Travelling Japan with 6 rolls of film
My wife and I celebrated our first wedding anniversary in Japan. It was my first time to go around Kyoto and Osaka so before our trip, I planned what camera to bring with me to take some nice photos.
- Pentax 645N medium format film camera with FA645 75mm F2.8 lens
- Extra 120 film back
- Some expired Fuji 400H 120 film
- Some expired Kodak Ektar 100 120 film
- Fresh box of Kodak Portra 400 film, which I bought at Yodobashi Camera in Japan
- Fujifilm X100T for random shots
So why did I decide to bring this heavy, bulky film camera when I have my X100T? To be honest, I just had a feeling that it would be nice to shoot travel pictures with a film camera. I have been shooting mostly with digital and this trip presented an opportunity for me to explore in many different ways.
I also love the look of medium format shots and it helps that we don’t have to rush from one place to another. I had time to slow down, observe and imagine the shot in my head before actually clicking.
Which is better: digital or film?
None.. They are both great and it will depend on your purpose. Based on my experience, digital is good for anything that you need in an instant. If you are shooting for products, food, advertisements and the like, then shooting digital is your best option. But if you have the time and a lot of patience, shooting with film might work for you. I recommend film for personal projects.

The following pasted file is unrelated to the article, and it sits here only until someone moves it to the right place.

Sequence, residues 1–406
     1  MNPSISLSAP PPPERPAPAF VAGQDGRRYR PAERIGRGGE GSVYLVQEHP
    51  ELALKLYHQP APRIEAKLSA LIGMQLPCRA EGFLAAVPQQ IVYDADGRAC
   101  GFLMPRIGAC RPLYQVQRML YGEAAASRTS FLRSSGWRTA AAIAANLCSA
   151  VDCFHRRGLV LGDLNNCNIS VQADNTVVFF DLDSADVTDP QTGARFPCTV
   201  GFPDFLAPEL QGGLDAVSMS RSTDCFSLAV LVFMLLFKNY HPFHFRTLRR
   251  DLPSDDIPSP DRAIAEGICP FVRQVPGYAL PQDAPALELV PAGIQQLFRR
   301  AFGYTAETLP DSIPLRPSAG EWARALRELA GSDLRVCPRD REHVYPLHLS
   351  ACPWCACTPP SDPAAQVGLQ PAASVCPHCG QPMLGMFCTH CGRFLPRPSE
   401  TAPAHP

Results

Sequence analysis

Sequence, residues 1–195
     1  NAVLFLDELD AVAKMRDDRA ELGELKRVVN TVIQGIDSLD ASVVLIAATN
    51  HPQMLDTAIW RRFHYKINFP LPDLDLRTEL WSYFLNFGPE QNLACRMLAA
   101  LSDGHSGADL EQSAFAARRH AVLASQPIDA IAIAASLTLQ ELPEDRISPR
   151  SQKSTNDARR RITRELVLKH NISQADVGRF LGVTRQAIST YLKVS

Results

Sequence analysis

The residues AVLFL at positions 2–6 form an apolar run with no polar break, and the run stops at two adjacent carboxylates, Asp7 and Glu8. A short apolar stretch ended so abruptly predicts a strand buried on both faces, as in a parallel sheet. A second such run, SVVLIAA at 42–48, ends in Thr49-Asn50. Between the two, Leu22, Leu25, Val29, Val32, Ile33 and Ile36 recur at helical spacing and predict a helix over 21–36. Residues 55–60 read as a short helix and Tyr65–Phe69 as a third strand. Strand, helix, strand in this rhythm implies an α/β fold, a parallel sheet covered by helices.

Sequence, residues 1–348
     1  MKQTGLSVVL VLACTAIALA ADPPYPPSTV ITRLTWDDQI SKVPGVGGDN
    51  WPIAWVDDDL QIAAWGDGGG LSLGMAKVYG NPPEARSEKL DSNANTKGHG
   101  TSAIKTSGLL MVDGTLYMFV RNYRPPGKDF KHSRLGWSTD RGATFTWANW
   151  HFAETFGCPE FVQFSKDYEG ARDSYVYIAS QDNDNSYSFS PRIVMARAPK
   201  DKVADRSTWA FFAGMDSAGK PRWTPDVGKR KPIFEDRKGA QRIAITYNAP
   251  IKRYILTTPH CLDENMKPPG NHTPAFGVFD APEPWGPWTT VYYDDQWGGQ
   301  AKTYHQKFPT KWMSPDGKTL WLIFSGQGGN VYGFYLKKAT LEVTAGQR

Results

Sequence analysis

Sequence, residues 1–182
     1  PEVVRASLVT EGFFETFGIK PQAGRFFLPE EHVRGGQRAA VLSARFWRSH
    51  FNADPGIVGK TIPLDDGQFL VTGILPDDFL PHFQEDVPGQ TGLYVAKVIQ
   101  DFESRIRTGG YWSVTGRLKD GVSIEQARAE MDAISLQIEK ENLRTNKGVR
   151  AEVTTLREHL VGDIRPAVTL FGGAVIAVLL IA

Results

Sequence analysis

Now, film cameras (even medium format ones) are now priced competitively, like wayyy cheaper than digital. Some medium format film cameras cost less than a prosumer point and shoot camera. But of course, you need to consider about film, processing, printing and scanning. If you are a trigger happy kind of photographer, I suggest you stick with digital.
Digital cameras also had a lot of improvement in the past 10 years. Sensors have become better. Cameras are becoming smaller and faster. Image quality is stunning. And a good digital camera won’t zero out your savings account.
Tips on Shooting with Film
Know your ISO – Your film is your ISO. Whenever you use film, you cannot change your ISO on the fly. You have to finish the roll of film to change it.
Know your composition. – Learn to imagine your composition before shooting. Unlike digital cameras, you can’t take test shots and see it right away… unless you’re using polaroids of course.
Know your exposure. – One of my habits when shooting digital, especially with EVF, is to use EV dial to adjust the exposure. However, when using film, you don’t have a preview of your shot. You have to analyze the lighting and exposure with your eyes and decide on the adjustment. Again, no instant test shots.
PRACTICE. – Read the manual! Practice, practice and more practice should be done before travelling with any camera. Don’t be lazy. You should understand how the camera meters, focuses, dials, controls and if there is any shutter lag. To get the best travel photos, you should be in sync with your gear. Stories are better told with pictures especially with great pictures. So, better practice before traveling.
Do you know who should get better?
The one behind the camera. We should try to take better photos. It doesn’t matter if you are using film or digital. Practice, practice and more practice. At the end of the day, it’s all about the shot and not the medium format film camera or the Full frame DSLR or the APS-C mirrorless camera that you use.
Here are some more photos from the rolls of film I took in Japan.